Of course, we are often told, “Why, yes, Plato, he was an aristocrat - but he had other ideas as well.” Thus, the undesirable elements in Plato - for instance, eugenic programmes in Republic - are written off as aristocratic nonsense. Or, again, we know that Montesquieu was a baron, but that is second only to his proto-liberalism; afterall, the American Founding Fathers, those impeachable democrats, would never find inspiration in an aristocrat. Let’s not forget Condorcet, a marquis who died during the Revolution under suspicious circumstances, who just happened to overcome his social origins and embrace liberalism. And, again, despite being an aristocrat, Alexis de Tocqueville is said to have written the best book on America or democracy. We read aristocrats in spite of who they are. (The only exception, and it is quite notable, is Nietzsche. But, it is hard to tell if his aristocratism was but an early symptom of his later madness.)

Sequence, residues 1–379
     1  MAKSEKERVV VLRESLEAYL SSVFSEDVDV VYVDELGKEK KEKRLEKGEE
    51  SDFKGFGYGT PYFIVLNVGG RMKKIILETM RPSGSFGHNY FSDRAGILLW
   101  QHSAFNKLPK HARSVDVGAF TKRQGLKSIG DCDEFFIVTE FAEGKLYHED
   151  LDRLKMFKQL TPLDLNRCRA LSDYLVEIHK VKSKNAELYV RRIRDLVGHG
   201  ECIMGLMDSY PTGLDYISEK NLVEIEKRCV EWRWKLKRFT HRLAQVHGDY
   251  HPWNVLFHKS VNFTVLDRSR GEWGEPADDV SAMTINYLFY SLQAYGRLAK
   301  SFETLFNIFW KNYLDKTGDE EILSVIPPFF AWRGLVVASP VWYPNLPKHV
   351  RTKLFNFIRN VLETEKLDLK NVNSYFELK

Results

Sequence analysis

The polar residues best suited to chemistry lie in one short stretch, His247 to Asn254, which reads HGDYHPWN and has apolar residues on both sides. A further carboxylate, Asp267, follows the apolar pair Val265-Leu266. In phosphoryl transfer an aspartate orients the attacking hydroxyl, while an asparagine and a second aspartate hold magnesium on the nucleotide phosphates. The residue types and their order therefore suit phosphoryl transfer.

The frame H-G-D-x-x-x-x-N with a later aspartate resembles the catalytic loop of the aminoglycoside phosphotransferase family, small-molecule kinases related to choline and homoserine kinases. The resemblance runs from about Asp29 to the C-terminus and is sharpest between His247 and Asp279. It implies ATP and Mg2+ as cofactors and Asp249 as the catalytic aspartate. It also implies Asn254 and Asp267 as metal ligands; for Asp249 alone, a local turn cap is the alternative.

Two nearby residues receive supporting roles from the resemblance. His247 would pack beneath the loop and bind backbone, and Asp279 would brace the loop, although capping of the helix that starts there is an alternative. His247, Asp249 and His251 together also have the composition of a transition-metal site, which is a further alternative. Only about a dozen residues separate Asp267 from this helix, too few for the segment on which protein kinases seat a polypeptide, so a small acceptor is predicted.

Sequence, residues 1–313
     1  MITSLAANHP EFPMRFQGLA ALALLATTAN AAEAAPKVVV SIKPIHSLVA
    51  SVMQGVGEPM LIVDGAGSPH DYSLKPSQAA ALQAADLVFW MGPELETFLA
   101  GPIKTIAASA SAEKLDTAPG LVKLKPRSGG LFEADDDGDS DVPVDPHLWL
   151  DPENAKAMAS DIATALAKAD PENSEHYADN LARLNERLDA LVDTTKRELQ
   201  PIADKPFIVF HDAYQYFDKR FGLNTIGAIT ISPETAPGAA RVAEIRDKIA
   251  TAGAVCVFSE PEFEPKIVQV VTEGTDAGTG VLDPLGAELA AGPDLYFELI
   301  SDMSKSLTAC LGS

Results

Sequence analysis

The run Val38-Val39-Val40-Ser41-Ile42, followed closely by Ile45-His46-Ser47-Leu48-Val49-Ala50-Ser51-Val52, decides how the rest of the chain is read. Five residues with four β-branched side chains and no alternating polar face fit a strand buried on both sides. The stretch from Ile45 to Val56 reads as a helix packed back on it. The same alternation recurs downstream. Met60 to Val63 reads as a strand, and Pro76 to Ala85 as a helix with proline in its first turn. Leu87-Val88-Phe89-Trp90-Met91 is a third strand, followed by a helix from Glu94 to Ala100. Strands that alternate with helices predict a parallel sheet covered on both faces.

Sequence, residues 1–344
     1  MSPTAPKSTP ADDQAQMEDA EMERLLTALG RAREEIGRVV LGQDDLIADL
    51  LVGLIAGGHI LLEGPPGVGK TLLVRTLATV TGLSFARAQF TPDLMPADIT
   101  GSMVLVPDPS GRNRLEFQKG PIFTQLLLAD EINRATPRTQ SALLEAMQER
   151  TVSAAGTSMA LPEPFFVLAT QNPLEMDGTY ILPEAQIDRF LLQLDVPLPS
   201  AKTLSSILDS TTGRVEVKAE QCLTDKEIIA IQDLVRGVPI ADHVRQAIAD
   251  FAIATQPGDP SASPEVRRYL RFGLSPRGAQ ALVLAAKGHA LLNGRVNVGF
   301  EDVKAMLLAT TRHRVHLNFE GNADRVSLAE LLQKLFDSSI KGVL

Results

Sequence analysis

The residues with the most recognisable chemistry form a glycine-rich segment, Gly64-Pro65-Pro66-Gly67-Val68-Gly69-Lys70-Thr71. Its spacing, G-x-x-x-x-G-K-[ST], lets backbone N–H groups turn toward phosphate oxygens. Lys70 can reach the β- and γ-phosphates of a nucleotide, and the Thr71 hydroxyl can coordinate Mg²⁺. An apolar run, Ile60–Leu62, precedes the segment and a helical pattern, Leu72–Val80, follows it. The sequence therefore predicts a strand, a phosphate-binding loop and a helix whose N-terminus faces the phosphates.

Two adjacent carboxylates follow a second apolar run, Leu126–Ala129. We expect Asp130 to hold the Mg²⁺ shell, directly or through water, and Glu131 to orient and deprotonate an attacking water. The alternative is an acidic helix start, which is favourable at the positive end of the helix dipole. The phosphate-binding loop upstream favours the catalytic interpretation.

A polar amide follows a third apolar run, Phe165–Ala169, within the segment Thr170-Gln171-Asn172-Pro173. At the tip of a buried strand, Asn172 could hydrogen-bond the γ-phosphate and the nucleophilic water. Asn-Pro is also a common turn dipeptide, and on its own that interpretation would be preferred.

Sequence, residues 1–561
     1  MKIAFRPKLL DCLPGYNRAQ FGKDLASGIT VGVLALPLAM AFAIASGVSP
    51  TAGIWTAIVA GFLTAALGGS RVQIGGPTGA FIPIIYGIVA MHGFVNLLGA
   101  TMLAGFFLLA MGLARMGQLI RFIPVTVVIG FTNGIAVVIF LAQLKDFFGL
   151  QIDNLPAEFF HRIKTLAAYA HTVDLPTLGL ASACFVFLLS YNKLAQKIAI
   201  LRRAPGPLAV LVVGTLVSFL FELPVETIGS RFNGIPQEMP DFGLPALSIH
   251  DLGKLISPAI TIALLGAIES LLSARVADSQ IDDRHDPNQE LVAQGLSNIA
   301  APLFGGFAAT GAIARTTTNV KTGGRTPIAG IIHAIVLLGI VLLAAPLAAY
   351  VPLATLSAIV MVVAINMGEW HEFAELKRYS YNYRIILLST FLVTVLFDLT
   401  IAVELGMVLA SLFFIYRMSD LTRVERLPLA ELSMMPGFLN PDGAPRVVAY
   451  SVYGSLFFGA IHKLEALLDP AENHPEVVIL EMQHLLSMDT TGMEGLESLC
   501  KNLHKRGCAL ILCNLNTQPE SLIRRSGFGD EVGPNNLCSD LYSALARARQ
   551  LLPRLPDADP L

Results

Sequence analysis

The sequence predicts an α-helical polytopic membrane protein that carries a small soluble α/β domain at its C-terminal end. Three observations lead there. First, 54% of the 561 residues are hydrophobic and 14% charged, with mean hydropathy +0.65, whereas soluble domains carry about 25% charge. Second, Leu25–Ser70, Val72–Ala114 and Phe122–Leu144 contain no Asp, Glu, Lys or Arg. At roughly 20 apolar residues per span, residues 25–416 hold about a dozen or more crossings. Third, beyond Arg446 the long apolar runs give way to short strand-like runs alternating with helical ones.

For among the best people there is minimal wantonness and injustice but a maximum of scrupulous care for what is good, whereas among the people there is a maximum of ignorance, disorder, and wickedness; for poverty draws them rather to disgraceful actions, and because of a lack of money some men are uneducated and ignorant.
Old Oligarch/Pseudo-Xenophon in Athens, quoted here.